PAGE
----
Commission supporting documentation – These documents are designed to support your planning proposal – they include documentation such as an essential Design and Access Statement (DAS – justification of a proposal’s design concept), Planning Statement (a written description of your planning proposal) and Specialist Reports (which can cover everything from the building’s flood risk and structural survey to its lighting and land contamination assessments).

Correct submittal fee – According to the ‘The Town and Country Planning (Fees for Applications, Deemed Applications, Requests and Site Visits) (England) Regulations 2012’, the fee required to be paid upon submitting your planning application varies according to the type of building you’ve proposed and its function. Ensuring you have the correct funds available will therefore help to make this process smoother.

Post-application process

After you’ve submitted your planning proposal, your LPA will need to determine whether your project should be granted planning permission. An LPA will look at a number of factors including the number, size and layout of the buildings, the available infrastructure, landscaping requirements, the purpose of the development, and how the development will affect the surrounding area.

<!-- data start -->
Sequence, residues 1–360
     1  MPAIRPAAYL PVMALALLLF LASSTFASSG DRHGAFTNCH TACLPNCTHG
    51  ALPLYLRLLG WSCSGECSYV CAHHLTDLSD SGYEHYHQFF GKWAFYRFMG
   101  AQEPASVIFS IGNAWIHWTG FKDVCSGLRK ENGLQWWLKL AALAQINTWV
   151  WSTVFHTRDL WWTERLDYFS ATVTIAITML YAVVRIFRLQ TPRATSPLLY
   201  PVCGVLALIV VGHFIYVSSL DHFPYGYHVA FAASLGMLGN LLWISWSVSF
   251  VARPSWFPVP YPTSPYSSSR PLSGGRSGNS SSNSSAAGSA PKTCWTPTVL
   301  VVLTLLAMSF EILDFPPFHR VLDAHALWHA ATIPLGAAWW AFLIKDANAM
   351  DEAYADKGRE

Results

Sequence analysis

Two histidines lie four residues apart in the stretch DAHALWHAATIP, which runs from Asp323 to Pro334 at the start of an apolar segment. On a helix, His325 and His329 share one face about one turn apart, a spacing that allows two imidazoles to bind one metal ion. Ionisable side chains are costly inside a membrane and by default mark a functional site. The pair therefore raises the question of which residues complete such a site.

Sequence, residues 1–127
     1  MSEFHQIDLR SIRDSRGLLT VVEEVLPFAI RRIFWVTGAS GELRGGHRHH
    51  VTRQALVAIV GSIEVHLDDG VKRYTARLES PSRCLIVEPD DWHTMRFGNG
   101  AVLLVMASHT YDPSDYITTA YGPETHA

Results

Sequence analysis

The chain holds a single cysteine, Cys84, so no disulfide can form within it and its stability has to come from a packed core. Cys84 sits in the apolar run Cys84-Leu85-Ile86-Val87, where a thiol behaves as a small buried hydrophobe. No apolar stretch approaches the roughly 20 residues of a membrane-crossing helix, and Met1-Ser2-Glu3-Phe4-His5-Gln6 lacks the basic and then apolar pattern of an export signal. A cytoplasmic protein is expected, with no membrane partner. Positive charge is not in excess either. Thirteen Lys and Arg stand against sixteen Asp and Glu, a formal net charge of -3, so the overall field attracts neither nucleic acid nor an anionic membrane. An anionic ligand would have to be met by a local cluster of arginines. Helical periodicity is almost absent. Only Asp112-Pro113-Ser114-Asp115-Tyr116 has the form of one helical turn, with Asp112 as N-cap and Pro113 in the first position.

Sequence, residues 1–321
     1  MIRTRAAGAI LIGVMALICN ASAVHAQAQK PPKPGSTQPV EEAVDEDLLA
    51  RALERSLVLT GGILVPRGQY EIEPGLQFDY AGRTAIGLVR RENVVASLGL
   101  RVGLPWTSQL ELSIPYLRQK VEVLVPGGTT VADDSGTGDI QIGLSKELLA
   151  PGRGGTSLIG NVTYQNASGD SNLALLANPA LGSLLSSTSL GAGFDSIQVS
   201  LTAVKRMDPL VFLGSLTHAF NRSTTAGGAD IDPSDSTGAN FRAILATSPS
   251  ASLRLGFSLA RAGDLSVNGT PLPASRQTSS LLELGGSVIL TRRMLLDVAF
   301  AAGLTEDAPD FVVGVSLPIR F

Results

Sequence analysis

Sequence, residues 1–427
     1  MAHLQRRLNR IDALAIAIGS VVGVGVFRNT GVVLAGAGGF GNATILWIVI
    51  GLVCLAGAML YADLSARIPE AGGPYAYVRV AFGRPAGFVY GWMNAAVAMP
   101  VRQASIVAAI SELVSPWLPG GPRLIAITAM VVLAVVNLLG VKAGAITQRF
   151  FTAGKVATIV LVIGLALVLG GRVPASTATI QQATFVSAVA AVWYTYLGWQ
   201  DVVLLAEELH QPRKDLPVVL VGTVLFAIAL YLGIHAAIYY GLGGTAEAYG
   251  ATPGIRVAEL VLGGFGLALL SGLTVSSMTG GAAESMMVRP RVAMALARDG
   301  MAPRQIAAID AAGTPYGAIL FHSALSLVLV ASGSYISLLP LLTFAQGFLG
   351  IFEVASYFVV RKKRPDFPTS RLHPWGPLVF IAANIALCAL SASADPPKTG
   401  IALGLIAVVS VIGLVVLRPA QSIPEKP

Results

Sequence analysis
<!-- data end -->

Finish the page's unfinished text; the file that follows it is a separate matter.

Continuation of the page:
For more complex applications, you can expect to wait up to 13 weeks for a decision, while most smaller projects will receive an answer within 8 weeks. If the decision takes more than 13 weeks or you are refused planning permission from your LPA for one of a number of different reasons, you can appeal.

To appeal, you’ll need to prove that you were either refused planning permission for reasons that go against the LPA’s planning policy, or, you were granted planning permission but with conditions that you don’t agree with – you’ll need to explain why these conditions are unnecessary, unreasonable, unenforceable, vague or irrelevant in your appeal.

Support with planning permission at Mar-Key Group

If you’ve never attempted a temporary building project before or would like a helping hand with securing planning permission for your next semi-permanent structure, please don’t hesitate to reach out to the helpful team of professionals at Mar-Key Group.

From free site visits and groundwork tests to our crucial network of industry connections, we can provide unparalleled support for your temporary building project. We work closely with planning consultants and can introduce you to our preferred contacts if you’re in need of expert planning advice from a reliable contractor.

Regardless of whether you require guidance or support with your whole application, they have in-depth knowledge and years of experience when it comes to planning permission for temporary structures, so you can rest assured that you’ll be in safe hands.

You can either speak directly to a knowledgeable member of our team by calling us on 01202 577 111 or emailing us at info@mar-key.com. Alternatively, you can also get in touch by filling out our convenient online contact form with your basic contact details as well as your enquiry.